This is a vision of political-religious conquest—a quite extraordinary vision given not only John’s personal circumstances but also the spiritual condition of the churches to which he wrote. Against the dull soundtrack of modern secular political discourse (that reminds me, I still have to go out and vote) the apocalyptic dénouement may sound outlandish, outmoded, intolerant and imperialistic. But it is fully in keeping with a coherent and core biblical narrative that goes all the way back to Israel’s demand for a king, and if we claim to be a kingdom people, then we have to accept it as part of our story. The kingdom of God is not just how things are. It is how things have become what they are, which is unavoidably a story about ancient Israel and the nations.

John Shakespeare | Thu, 05/07/2015 - 19:43 | Permalink

You always make me think, Andrew. You’ve been a big help to me, especially in recent weeks.

Jerel Kratt | Tue, 05/12/2015 - 01:48 | Permalink

Hi Andrew.

It also teaches us that the kingdom of God is not a spiritual or theological or, for that matter, cosmic abstraction—it belongs to the narrated historical experience of the biblical community.

You probably already know from my conversation with Phil Ledgerwood that I don’t agree with this statement (which btw Phil I haven’t replied to your last comments to me so consider this as an attempt to answer part of it, and if you have more questions we can continue it over there on that thread). To say the kingdom belongs to the narrated historical experience of the biblical community is one thing (which I wholeheartedly agree with, but would track differently than you on the timing of it), but to say it is not spiritual or theological is quite another, and one which I believe is contrary to the narrative told.

I see the kingdom of God as all three — historical, spiritual, and theological. Jesus depicted his kingdom (the one he rules, from the right hand of God in heaven), as being “not of this world.” The bit about Solomon and the kingdom of Israel is interesting, but I think it proves the point that the kingdom of Christ is NOT like that kingdom. The prophecies of Isaiah for example, where the wolf dwells with the lamb, is already fulfilled in the Messiah’s kingdom we now live in, and is descriptive of the nature of that kingdom. That is both spiritually and theologically descerned.

I can appreciate the desire to make the historical a priori due to the horrible confusion of reformed theology over the years (e.g., justification, personal salvation, heaven/hell, etc), but that certainly doesn’t mean there isn’t an equally important spiritual and theological component to the kingdom (and maybe you agree with that and I’ve misunderstood you). I think Hebrews 12:18-29 is a critical text here, and interestingly one which is framed with the destruction of Jerusalem as the historical event in which this kingdom is received (cf. Luke 21:31).

The other quibble I have with this post is how you have John’s vision being about the overthrow of pagan Rome. That has been a popular view in history no doubt, but I find it contradictory with several critical details in the text. First, it is confusing to have the harlot (Babylon) who is riding the sea beast (Rome) as actually Rome itself. Second, it makes better sense of the text to see the harlot as Jerusalem, primarily because Babylon was found with the blood of the prophets and saints of all who had been slain on the earth, which is a verbatim hyperlink back to Jesus’ own words in Matt. 23:35 where he said that Jerusalem was guilty of all the blood of the prophets on the earth since Abel. It doesn’t make sense to have two cities both drunk on all the blood shed on earth (how can that even be?). Third, the only city ever to be called a harlot in the OT narrative is Jerusalem (e.g. Ezekiel 16). This is connected with her covenant identity in marriage with God, for someone who isn’t married in covenant with him cannot become a harlot towards him. Fourth, to call Jerusalem “Babylon” is actually keeping with the use of role reversal so common in the prophetic narrative. Whenever Jerusalem screwed up in the OT, she was likened to Sodom, or Egypt, or as the Philistines or Assyria for example (e.g. Isa. 1:9,21; Jer. 23:14; Ezek. 16:22ff). This is exactly what Rev. 11 does by calling “the city where our Lord was slain” as “spiritually, Sodom and Egypt” (notice the word “spiritually”). Fourth, the fall of this very city in Rev. 11 is the time of the arrival of the kingdom of God, vs. 15, which is also a hyperlink back to Dan. 2:44 and 7:14, 27 and as I showed above is connected elsewhere with the siege on Jerusalem. Fifth, one would be very hard pressed to find any of the city-siege details in Revelation as descriptive of the historical events of the so-called “fall” of Rome and ascendency of Constantine. To make them such would be to engage in the very “theological” interpretation you decried, as some of the contemporaries of Augustine and such did.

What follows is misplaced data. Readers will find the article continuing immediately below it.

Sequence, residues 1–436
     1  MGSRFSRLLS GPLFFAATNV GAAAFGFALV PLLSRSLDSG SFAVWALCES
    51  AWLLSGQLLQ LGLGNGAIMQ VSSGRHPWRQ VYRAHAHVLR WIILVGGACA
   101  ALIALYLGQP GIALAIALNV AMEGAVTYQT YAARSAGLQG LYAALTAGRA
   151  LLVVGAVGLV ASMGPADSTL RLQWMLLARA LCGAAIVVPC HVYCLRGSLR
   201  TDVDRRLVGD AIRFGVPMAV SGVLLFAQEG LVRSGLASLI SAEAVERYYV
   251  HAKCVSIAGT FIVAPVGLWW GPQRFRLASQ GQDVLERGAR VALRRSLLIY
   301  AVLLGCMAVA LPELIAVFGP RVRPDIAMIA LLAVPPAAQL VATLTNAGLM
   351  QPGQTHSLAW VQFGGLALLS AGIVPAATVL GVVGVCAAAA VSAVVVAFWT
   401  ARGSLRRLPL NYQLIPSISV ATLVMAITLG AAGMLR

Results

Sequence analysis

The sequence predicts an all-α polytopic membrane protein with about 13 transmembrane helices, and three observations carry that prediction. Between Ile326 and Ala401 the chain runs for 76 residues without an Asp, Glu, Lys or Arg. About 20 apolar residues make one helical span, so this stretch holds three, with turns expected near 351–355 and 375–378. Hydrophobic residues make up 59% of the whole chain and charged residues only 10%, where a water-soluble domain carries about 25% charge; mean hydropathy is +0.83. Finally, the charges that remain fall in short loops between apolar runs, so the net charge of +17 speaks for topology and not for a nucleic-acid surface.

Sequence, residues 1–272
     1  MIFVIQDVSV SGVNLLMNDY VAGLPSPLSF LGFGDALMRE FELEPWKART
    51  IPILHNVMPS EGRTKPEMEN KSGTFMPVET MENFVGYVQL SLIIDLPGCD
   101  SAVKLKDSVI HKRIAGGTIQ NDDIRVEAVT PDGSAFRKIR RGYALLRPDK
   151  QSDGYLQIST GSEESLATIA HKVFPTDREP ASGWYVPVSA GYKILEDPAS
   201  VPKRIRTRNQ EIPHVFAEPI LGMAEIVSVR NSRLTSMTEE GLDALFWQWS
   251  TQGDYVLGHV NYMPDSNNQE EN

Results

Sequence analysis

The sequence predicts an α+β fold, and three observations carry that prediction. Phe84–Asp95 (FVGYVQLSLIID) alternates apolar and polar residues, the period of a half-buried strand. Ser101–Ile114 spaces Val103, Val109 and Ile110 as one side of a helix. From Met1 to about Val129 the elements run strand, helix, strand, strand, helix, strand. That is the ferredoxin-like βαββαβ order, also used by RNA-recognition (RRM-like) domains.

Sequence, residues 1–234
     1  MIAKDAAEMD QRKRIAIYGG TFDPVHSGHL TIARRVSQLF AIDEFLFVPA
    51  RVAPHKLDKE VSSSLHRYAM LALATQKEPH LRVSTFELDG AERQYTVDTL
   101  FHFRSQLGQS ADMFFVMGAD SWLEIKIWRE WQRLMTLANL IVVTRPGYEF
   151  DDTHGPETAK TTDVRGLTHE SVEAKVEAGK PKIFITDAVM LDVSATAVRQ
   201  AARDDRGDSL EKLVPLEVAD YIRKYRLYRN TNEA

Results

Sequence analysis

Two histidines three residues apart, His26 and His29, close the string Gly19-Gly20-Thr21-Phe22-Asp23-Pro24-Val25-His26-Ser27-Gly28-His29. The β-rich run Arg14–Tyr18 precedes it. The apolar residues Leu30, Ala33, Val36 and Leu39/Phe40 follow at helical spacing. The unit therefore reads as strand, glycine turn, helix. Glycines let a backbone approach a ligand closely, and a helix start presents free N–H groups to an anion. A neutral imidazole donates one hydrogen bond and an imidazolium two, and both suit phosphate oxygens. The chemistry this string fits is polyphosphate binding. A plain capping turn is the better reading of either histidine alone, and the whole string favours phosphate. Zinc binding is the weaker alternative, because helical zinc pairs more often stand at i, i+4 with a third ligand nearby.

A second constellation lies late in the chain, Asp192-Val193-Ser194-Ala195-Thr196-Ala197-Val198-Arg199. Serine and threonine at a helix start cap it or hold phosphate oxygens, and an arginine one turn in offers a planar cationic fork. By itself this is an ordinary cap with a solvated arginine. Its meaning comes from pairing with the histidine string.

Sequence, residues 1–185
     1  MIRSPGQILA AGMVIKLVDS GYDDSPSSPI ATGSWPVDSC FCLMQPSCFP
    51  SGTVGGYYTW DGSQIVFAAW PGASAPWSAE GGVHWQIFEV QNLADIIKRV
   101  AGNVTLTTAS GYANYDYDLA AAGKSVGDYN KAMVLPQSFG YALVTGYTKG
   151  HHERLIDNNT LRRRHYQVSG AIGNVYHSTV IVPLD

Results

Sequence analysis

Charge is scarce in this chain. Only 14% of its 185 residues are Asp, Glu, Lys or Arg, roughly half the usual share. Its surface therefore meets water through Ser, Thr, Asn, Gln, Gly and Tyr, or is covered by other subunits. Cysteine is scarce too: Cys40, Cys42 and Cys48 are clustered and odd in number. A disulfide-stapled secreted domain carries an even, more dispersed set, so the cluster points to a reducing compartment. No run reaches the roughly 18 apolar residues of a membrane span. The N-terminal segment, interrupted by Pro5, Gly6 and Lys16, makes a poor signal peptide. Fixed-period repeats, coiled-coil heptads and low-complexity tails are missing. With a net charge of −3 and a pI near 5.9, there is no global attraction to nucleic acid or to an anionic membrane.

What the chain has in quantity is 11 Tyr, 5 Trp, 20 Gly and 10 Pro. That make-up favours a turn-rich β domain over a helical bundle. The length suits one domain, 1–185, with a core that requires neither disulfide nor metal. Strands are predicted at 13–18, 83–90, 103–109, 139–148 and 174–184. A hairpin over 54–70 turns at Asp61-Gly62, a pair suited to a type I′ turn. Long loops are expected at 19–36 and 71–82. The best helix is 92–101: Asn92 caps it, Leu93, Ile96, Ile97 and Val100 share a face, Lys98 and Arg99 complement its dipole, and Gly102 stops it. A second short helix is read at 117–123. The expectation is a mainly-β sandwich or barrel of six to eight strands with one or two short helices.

I don’t know if you’ve ever checked it out, but Don Preston’s book “Who is This Babylon” is a very tightly argued book for the identity of Babylon as Jerusalem. I recommend checking it out if you haven’t already.

Andrew PerrimanJerel Kratt | Tue, 05/12/2015 - 11:02 | Permalink

In reply to by Jerel Kratt